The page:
Autumn Raptor Migration in Yellowstone National Park, 2011–2015

Lisa M. Baril, David B. Haines, Lauren E. Walker, Douglas W. Smith


Raptors are wide-ranging, vagile avian predators whose populations can be difficult and costly to monitor on their breeding or winter range. However, monitoring raptors during their annual northbound or southbound migration is a cost-effective and efficient alternative to time-intensive, single-species breeding surveys. In 2010, we observed numerous Swainson’s Hawks (Buteo swainsoni) and Red-tailed Hawks (Buteo jamaicensis) migrating through the Hayden Valley in central Yellowstone National Park, prompting an investigation into raptor migration patterns in the park. Our objectives were to monitor annual autumn raptor migration in Hayden Valley from 2011 to 2015 and to determine the relative role of this undocumented migration site by comparing our observations to simultaneously collected migration data from three other sites in the Rocky Mountain Flyway. From 2011 to 2015, we observed 6441 raptors of 17 species across 170 d and 907 h of observation. Red-tailed Hawks, Swainson’s Hawks, and Golden Eagles (Aquila chrysaetos) accounted for 51% of the total individuals observed over five years. Overall counts from Hayden Valley were comparable to counts from the three migration sites in the Rocky Mountains, although abundance of individual species varied by site. Data from this study suggest that Hayden Valley may serve as a stopover site for migrating raptors and presents an opportunity for future research. By improving our understanding of where raptors migrate and the characteristics of stopover areas in the Rocky Mountains, land managers may develop effective strategies for protecting raptor populations and habitat from threats including development and climate change.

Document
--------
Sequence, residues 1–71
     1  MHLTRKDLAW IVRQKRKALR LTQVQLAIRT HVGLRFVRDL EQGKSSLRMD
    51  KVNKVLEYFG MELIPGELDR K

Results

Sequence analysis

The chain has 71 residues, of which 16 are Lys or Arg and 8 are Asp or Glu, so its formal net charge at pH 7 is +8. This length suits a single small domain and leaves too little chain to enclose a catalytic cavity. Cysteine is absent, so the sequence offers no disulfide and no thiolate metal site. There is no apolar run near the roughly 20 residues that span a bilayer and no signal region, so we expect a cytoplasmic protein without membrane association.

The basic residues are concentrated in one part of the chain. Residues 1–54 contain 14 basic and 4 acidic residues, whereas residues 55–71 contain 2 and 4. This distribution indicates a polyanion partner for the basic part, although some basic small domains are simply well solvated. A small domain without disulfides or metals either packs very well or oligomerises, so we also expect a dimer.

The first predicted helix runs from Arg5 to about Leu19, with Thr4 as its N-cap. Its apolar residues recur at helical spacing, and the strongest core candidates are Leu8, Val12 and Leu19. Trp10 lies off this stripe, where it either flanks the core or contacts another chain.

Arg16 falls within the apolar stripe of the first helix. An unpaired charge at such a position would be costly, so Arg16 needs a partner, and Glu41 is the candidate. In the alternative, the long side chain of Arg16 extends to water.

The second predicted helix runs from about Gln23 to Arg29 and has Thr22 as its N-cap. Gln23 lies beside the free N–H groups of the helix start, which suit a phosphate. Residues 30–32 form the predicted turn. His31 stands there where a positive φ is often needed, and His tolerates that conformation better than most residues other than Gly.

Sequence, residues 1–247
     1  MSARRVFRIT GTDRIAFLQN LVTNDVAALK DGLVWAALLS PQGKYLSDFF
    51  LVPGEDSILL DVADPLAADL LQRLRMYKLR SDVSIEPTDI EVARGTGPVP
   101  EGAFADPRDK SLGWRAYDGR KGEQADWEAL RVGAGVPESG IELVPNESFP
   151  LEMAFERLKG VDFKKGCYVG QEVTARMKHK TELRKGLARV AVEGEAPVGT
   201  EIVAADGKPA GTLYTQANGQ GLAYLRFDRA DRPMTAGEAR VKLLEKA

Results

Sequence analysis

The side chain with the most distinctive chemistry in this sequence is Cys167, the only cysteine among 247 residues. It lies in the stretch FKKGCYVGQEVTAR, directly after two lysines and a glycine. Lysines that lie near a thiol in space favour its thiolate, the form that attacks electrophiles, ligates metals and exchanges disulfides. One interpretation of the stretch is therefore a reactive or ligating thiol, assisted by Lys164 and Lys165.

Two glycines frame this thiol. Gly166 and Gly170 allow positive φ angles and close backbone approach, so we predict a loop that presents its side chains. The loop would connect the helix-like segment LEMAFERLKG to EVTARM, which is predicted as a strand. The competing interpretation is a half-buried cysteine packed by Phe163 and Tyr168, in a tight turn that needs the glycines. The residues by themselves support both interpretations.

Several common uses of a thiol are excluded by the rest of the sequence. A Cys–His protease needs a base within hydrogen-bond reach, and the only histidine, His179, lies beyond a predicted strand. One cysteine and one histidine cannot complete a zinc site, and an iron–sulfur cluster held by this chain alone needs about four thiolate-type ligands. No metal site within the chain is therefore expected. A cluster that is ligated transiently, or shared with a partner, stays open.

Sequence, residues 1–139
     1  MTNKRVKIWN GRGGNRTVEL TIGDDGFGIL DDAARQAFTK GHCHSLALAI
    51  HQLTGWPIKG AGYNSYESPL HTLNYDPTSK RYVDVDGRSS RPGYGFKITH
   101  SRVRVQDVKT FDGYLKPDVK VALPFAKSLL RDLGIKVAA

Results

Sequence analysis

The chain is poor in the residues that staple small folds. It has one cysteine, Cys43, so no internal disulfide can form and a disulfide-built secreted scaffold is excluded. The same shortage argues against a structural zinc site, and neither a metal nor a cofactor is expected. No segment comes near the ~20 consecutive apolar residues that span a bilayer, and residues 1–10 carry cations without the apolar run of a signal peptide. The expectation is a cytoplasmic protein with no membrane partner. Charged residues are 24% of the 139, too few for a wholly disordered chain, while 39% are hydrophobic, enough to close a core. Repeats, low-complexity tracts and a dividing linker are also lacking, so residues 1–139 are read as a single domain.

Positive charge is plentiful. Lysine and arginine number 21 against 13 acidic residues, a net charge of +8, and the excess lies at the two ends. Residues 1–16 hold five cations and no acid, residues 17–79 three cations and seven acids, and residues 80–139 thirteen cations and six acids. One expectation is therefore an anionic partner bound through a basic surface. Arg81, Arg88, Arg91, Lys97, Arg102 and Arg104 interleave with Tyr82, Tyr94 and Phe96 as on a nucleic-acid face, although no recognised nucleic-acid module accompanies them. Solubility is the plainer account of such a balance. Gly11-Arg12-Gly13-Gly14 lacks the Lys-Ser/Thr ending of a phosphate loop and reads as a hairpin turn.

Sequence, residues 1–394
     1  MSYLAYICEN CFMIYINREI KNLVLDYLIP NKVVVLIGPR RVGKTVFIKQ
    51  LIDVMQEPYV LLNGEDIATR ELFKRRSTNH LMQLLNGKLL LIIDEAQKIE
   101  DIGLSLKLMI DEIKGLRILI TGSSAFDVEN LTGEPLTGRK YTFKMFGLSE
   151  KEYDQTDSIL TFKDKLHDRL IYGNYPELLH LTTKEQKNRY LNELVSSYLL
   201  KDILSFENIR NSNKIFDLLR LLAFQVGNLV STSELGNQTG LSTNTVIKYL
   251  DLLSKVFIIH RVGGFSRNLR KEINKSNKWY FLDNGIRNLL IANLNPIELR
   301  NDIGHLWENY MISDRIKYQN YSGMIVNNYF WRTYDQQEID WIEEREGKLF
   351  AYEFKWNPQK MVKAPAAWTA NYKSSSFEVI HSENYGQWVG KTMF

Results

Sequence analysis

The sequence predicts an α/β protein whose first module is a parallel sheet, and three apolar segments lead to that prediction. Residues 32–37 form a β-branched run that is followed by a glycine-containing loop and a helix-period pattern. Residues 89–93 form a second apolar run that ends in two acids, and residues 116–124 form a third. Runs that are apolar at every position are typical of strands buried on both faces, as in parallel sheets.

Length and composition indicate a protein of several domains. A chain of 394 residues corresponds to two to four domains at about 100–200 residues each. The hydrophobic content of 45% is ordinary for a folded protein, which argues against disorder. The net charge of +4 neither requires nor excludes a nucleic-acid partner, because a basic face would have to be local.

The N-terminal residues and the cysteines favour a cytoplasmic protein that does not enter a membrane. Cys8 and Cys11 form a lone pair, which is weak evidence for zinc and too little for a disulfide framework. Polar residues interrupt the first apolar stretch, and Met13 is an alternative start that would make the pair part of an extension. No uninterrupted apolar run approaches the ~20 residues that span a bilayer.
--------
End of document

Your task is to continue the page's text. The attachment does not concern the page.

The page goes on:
Migration; raptor; birds; Yellowstone National Park; Rocky Mountain Flyway; Wyoming

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